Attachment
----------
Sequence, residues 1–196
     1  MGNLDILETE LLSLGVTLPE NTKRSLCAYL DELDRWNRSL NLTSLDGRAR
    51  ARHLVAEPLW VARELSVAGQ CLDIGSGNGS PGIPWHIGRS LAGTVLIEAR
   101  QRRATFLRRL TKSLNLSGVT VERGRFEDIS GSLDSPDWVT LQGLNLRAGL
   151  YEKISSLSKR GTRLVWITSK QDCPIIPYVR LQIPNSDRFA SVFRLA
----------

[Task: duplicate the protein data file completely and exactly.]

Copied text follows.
Sequence, residues 1–196
     1  MGNLDILETE LLSLGVTLPE NTKRSLCAYL DELDRWNRSL NLTSLDGRAR
    51  ARHLVAEPLW VARELSVAGQ CLDIGSGNGS PGIPWHIGRS LAGTVLIEAR
   101  QRRATFLRRL TKSLNLSGVT VERGRFEDIS GSLDSPDWVT LQGLNLRAGL
   151  YEKISSLSKR GTRLVWITSK QDCPIIPYVR LQIPNSDRFA SVFRLA